A 36 year old engineer who led the liquefaction-induced land damage recovery and research following the Canterbury Earthquake Sequence has picked up one of the most prestigious international engineering awards overnight.
Dr Sjoerd Van Ballegooy was previously made an honorary member of the Queen’s Service Order in the New Year’s Honours in 2013 in recognition of his role in the earthquake recovery. The engineer moved to New Zealand from the Netherlands as a child.
Dr Sjoerd Van Ballegooy from Tonkin + Taylor, the main author of research paper, ‘Assessment of Liquefaction-Induced Land Damage for Residential Christchurch’ was the recipient of the Earthquake Engineering Research Institute (EERI) Outstanding Paper Award in San Francisco. https://www.eeri.org/about-eeri/honors-awards/award-recipients/
“The insights that improved the understanding of liquefaction vulnerability have only been possible through the collection of an extensive dataset by EQC and the collective contribution and generous collaboration of colleagues” says Dr Sjoerd van Ballegooy.
“The work was a massive team effort with significant contribution from Professor Misko Cubrinovski from the University of Canterbury, Professor Jonathan Bray from the University of California Berkeley, Professor Thomas O’Rourke from Cornell University and incredible support from Dr Hugh Cowan, General Manager for Reinsurance, Research and Education at EQC.”
The Award is for outstanding contributions to earthquake hazard mitigation and is only awarded when a paper meets the threshold. This paper describes the land damage assessment process for Christchurch and the collection and processing of extensive data and observations related to liquefaction and was published in the Earthquake Spectra (professional journal of EERI) Volume 30, Number 1, Feb 2014.
THE PERFECT STORM FOR LIQUEFACTION:
The extent of liquefaction in the 2010-2011 Canterbury Earthquake Sequence had never been seen before and the damage caused by it is the greatest ever recorded in an urban area.
NZ’s geotechnical engineering specialists, Tonkin + Taylor were called in to assess the residential land damage and describe the Canterbury Earthquake Sequence as ‘the perfect storm for liquefaction’.
“Much of Eastern Christchurch has been built on sandy and silty soil, with shallow ground water, setting the stage for extensive liquefaction damage to occur following strong earthquake shaking. To make matters worse, thousands of homes were built on non-robust concrete slab foundations, resulting in a significant portion of the residential building portfolio being damaged beyond economic repair as a result of the liquefaction”, says Dr Sjoerd Van Ballegooy.
In order to accurately assess and categorise the land damage Tonkin + Taylor conducted over 81,000 site visits to residential properties, undertook a comprehensive series of investigations across Greater Christchurch and utilised a large amount of public and private sector data including: 26,000 borehole and Cone Penetration Tests (CPTs) ; high resolution aerial photographs; detailed field records; ground surveying records; strong ground motion recordings and depth to ground water measurements from the 1,000 wells engineers installed. Following each earthquake, detailed changes to the ground’s surface were captured and mapped using aerial laser surveys (LiDAR). All of the data sets were compiled and integrated with base surveys from Christchurch City Council to create a detailed picture of the city before, during and after the Canterbury Earthquake Sequence.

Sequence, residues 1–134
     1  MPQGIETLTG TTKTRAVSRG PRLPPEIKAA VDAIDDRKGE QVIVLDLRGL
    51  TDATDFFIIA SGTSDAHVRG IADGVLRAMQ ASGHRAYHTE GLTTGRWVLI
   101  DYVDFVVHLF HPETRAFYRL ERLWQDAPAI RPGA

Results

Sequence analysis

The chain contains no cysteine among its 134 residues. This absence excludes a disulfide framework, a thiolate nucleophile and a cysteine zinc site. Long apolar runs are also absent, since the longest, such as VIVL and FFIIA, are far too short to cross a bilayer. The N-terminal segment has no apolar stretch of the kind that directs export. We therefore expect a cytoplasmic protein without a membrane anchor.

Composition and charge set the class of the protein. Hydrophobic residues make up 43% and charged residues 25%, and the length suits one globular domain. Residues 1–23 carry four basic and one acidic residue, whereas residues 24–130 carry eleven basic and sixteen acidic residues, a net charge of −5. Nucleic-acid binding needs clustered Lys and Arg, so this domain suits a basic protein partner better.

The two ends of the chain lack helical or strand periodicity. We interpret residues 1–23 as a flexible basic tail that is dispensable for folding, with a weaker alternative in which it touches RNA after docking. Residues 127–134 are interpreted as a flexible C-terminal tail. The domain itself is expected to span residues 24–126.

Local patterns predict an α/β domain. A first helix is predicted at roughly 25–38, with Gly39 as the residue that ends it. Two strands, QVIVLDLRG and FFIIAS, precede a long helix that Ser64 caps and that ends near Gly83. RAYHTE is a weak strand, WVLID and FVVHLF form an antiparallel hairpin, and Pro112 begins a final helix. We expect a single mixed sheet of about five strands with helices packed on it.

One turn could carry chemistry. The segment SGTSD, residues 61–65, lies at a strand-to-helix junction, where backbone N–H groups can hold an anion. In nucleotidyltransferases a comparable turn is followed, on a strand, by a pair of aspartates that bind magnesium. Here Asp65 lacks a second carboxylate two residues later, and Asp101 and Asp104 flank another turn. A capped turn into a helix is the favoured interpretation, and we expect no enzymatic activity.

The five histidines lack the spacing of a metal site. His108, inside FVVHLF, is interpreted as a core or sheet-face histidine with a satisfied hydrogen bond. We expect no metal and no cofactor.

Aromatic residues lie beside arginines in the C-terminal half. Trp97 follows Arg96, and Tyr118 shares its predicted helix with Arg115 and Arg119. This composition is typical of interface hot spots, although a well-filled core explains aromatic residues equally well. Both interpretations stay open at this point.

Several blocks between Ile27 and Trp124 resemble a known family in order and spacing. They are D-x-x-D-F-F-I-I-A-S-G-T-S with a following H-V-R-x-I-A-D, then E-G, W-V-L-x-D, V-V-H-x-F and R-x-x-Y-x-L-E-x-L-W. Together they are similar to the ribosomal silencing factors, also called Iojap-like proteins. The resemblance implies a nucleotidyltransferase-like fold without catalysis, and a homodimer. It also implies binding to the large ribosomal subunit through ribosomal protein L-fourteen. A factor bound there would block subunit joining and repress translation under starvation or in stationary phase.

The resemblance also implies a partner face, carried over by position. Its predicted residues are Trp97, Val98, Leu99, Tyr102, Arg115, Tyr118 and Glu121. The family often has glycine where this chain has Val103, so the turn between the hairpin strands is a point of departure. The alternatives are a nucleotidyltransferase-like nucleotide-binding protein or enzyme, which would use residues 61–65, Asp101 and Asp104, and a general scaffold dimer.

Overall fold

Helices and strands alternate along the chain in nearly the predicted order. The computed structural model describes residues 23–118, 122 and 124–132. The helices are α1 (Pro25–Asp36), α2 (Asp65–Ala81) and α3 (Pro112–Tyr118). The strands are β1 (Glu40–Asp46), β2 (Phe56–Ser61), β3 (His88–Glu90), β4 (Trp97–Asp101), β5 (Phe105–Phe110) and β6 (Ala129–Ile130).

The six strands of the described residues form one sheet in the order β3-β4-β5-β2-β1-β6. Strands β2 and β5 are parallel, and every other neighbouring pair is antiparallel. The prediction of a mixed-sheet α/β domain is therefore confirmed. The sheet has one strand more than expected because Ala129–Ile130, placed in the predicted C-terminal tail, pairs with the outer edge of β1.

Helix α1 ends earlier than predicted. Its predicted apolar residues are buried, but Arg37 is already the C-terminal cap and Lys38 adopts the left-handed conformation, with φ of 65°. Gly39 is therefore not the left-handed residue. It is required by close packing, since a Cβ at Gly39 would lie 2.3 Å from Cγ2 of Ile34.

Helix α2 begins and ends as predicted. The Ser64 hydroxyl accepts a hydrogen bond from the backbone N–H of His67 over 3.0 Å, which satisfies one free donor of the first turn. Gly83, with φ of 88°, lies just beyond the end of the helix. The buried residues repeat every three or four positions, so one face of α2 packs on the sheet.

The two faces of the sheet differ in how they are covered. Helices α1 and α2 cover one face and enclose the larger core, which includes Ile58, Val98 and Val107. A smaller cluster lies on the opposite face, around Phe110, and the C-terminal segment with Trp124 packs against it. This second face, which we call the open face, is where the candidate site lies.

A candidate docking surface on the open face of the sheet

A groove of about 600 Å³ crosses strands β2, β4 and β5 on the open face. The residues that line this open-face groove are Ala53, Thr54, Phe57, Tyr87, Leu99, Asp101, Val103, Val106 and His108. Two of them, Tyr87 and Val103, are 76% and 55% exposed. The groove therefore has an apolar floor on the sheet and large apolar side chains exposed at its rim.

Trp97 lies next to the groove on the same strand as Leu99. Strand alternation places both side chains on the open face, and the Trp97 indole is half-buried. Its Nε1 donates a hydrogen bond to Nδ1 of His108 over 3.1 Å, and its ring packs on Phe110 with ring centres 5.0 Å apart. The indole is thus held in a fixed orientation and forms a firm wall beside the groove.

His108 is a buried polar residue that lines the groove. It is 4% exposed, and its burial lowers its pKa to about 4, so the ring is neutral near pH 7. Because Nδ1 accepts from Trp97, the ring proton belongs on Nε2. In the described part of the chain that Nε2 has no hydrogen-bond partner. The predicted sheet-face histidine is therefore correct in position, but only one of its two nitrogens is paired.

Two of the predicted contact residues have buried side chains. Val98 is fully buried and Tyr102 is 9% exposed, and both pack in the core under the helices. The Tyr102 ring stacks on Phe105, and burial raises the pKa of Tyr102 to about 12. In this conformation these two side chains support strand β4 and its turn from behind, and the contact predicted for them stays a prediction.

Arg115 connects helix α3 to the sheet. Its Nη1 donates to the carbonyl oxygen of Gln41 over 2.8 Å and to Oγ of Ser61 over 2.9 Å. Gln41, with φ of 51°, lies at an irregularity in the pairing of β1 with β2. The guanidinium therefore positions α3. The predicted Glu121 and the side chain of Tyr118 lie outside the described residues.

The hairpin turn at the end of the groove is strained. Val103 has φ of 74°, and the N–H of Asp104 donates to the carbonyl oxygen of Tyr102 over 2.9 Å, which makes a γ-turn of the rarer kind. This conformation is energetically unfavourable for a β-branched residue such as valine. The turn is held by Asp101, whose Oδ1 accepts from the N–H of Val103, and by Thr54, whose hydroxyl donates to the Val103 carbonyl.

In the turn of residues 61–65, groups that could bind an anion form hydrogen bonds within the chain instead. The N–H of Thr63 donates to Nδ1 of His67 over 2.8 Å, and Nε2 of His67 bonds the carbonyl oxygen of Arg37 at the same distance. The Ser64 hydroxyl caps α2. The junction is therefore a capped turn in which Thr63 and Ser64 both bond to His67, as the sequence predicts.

“When we began analysing all of this information we discovered that in some areas, the damage caused by liquefaction was much worse after the shaking on 13 June 2011 and 23 December 2011 despite those earthquakes being significantly smaller than the previous ones on 4 September 2010 and 22 February 2011.”
In 2013/2014, Tonkin + Taylor undertook detailed evaluation of all the data which confirmed what Dr Sjoerd van Ballegooy’s team suspected.
“The analysis showed the increased damage from the later earthquakes was because the ground surface subsidence caused by earlier earthquakes had reduced the non-liquefying crust thickness near the ground surface.”
“A combination of lateral spreading, removal of the sand and silt that was ejected to the ground surface, densification of the subsurface materials and tectonic subsidence occurring over four main events were the major factors that contributed to the reduction in thickness of the non-liquefying crust”.
“The huge body of geotechnical data that has been collated by the engineering community as a result of the Canterbury Earthquake Sequence makes it possible to predict the land damage and corresponding building damage that is likely to occur in an earthquake”.
“The lessons learned in Christchurch will enable EQC and private insurers, policy makers, architects, engineers, urban planners and other professionals to reduce the economic and social impact of liquefaction related damage from future earthquakes, in NZ and around the world,” says Dr Sjoerd Van Ballegooy.
Contributors to the paper were:
Geotechnical engineers Dr Sjoerd van Ballegooy, Pierre Malan, Virginie Lacrosse, Mike Jacka and Stephen Crawford from Tonkin + Taylor; Professor Misko Cubrinovski from the University of Canterbury; Professor Jonathan Bray from the University of California Berkeley; Professor Thomas O’Rourke from Cornell University; EQC’s Dr Hugh Cowan.
Watch Sjoerd talking about liquefaction damage in Christchurch
Sjoerd did his BE(Hons) and doctorate at Auckland University, you can read his bio here.